The present inquiry stands as a foray into what may be thought of as a “Summa Philologica Sinica.” To be more precise, this paper is about the study and developmental trajectory of philology rather than philology per se. The approach here, drawing on the prefaces and comments of primary historical resources, conceives of philology as subject to the transitions of philosophy, an amalgam within which variegated traditions and schools contend and consent with each other, rather than as a static, ahistorical antithesis between the study of script and that of sound. The bifocal panoply behind philological texts and the s 勢 (“immanent configuration”) that oscillates between indigenous systems of thought and foreign philosophy, defense of nationality and openness to foreign voices, reflected in the realm of language studies, presents itself as focused on characters (eyes) versus sounds (ears).

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Färm: rise of the eco-umlaut?

From Alex Baumans:

Recently a supermarket of this ecofriendly chain opened in my neighborhood. As the initiative seems to be francophone, I suppose the name is a superposition of the French 'ferme' and English 'farm' by way of German spelling. What struck me most was their unbounded enthusiasm for putting little dots on vowels. I can't imagine how most of them are supposed to pronounced, so the dots clearly only serve a decorative purpose. Is the eco-umlaut the successor of the hard rock-umlaut, I wonder. 

The (French) header of their web site:

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Hashtag of note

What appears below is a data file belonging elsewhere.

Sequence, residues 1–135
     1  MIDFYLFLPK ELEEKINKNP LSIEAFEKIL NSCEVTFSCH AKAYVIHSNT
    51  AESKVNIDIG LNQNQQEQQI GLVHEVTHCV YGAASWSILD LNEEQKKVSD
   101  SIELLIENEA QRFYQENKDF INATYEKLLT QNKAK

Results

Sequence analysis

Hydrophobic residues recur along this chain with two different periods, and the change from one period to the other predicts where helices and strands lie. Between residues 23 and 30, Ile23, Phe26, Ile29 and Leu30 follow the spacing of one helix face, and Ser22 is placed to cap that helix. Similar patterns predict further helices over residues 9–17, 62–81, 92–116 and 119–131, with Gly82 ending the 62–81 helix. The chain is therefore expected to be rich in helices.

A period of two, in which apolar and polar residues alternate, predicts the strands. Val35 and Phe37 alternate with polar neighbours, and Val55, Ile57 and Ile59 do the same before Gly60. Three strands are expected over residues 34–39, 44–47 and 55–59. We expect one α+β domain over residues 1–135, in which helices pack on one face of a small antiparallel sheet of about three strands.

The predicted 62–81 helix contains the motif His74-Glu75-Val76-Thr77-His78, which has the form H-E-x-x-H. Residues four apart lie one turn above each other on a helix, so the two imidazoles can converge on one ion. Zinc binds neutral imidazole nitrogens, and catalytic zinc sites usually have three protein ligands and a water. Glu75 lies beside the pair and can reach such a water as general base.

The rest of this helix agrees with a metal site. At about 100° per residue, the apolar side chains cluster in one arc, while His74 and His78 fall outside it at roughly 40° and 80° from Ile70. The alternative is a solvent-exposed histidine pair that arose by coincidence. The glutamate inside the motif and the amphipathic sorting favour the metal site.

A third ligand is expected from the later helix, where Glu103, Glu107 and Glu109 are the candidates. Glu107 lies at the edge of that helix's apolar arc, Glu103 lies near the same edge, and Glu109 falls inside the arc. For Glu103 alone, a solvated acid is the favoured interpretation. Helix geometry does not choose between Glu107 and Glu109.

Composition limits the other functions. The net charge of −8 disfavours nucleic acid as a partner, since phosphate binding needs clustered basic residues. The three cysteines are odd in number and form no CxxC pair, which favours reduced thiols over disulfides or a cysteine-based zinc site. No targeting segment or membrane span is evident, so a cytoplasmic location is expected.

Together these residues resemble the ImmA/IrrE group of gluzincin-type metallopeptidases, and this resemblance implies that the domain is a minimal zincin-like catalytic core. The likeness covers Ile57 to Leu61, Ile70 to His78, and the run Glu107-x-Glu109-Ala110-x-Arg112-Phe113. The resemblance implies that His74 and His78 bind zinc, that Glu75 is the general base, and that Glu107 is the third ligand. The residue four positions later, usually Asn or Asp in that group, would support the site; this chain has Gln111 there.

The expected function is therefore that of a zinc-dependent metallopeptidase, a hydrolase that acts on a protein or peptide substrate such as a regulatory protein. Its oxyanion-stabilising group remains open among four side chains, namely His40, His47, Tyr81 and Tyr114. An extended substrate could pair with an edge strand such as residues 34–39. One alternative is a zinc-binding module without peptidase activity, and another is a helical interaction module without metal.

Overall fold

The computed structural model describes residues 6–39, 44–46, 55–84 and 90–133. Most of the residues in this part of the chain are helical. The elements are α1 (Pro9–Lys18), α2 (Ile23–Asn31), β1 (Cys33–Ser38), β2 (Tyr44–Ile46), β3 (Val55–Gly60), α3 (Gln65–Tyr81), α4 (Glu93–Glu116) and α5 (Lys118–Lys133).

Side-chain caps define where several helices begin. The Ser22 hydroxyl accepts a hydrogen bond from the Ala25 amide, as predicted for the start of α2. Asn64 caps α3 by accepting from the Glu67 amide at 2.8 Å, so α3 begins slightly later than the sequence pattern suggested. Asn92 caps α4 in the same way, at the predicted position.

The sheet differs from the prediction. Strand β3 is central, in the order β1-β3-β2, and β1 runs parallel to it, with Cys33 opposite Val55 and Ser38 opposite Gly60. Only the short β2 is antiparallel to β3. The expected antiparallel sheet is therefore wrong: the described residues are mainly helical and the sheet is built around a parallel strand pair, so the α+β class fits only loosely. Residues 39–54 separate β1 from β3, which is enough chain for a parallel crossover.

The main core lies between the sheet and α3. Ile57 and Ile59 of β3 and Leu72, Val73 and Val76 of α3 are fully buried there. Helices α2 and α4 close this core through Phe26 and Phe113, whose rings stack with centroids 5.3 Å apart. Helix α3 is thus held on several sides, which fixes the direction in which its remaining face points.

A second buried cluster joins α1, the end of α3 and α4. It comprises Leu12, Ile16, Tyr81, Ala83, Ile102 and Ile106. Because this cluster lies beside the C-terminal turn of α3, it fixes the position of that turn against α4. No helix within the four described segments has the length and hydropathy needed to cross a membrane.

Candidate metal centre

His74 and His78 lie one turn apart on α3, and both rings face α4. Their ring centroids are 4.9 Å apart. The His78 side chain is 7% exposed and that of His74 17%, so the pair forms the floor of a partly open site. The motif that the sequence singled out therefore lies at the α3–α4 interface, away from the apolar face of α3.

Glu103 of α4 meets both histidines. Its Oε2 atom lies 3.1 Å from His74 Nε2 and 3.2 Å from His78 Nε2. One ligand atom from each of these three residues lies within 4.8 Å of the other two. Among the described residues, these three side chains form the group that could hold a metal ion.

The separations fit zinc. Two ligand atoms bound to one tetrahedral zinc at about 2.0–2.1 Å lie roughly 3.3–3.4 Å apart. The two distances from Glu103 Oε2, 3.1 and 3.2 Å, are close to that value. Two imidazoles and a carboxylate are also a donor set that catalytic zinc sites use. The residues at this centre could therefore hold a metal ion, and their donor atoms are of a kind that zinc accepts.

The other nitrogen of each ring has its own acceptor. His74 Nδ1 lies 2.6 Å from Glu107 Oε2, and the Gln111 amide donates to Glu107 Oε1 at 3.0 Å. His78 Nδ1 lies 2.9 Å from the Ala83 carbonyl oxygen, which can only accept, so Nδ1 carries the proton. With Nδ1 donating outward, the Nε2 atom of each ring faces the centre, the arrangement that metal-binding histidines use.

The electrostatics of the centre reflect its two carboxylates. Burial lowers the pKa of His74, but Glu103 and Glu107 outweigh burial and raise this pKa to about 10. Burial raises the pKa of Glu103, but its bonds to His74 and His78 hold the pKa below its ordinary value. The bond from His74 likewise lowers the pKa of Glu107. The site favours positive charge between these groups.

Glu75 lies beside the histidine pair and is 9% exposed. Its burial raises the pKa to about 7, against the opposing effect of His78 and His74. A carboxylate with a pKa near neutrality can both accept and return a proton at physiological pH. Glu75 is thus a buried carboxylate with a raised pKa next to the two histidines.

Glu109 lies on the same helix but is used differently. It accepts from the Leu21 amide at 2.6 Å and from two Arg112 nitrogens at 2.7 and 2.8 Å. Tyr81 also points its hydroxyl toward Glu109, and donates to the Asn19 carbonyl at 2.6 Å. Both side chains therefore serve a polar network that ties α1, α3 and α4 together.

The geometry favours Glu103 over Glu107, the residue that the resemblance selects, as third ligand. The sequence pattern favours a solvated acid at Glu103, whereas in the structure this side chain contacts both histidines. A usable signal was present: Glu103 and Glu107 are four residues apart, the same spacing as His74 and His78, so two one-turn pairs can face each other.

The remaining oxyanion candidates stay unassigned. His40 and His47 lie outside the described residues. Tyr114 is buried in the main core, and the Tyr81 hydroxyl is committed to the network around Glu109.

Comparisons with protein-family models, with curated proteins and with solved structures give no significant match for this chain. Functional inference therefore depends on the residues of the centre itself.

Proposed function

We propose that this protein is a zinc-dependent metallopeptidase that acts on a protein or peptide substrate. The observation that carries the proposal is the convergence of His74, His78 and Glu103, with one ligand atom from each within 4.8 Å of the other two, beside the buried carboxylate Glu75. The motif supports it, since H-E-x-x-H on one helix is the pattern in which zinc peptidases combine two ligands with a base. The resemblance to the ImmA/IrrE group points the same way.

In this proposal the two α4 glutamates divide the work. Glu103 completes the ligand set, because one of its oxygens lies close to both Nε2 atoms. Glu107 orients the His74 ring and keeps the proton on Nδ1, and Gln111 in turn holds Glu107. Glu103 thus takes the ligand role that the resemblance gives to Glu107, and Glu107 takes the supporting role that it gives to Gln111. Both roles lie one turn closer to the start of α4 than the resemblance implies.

From Molly Des Jardin:

In the midst of our stressful times, I'm writing to share a distraction that is somehow still relevant. Given the kind of things you have noted on Language Log historically, I wondered if you observed this hashtag:

 #COVIDー19

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Fancy diacritics

From Alex Baumans:

This has just popped up in my Facebook feed, so I have no idea where this comes from, or whether it has been doing the rounds. Anyway, for someone who regularly uses a spelling system with diacritics, it all seems a bit silly and parochial.

Semiotically, on beyond the metal umlaut!

 

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Words without vowels

Our recent discussions about syllabicity ("Readings" below) made me wonder whether it's possible to have syllables, words, and whole sentences without vowels.  That led me to this example from Nuxalk on Omniglot:

Sample

clhp'xwlhtlhplhhskwts' / xłp̓χʷłtłpłłskʷc̓

IPA transcription

xɬpʼχʷɬtʰɬpʰɬːskʷʰt͡sʼ

Translation

Then he had had in his possession a bunchberry plant.

This is an example of a word with no vowels, something that is quite common in Nuxalk.

Souce: Nater, Hank F. (1984). The Bella Coola Language. Mercury Series; Canadian Ethnology Service (No. 92). Ottawa: National Museums of Canada.

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Automatic Pinyin annotation — state of the art

[This is a guest post by Gábor Ugray]

Back in 2018 your post Pinyin for phonetic annotation planted an idea in my head that I’ve been gradually expanding ever since. I am now at a stage where I routinely create annotated Chinese text for myself; this (pdf) is what one such document looks like.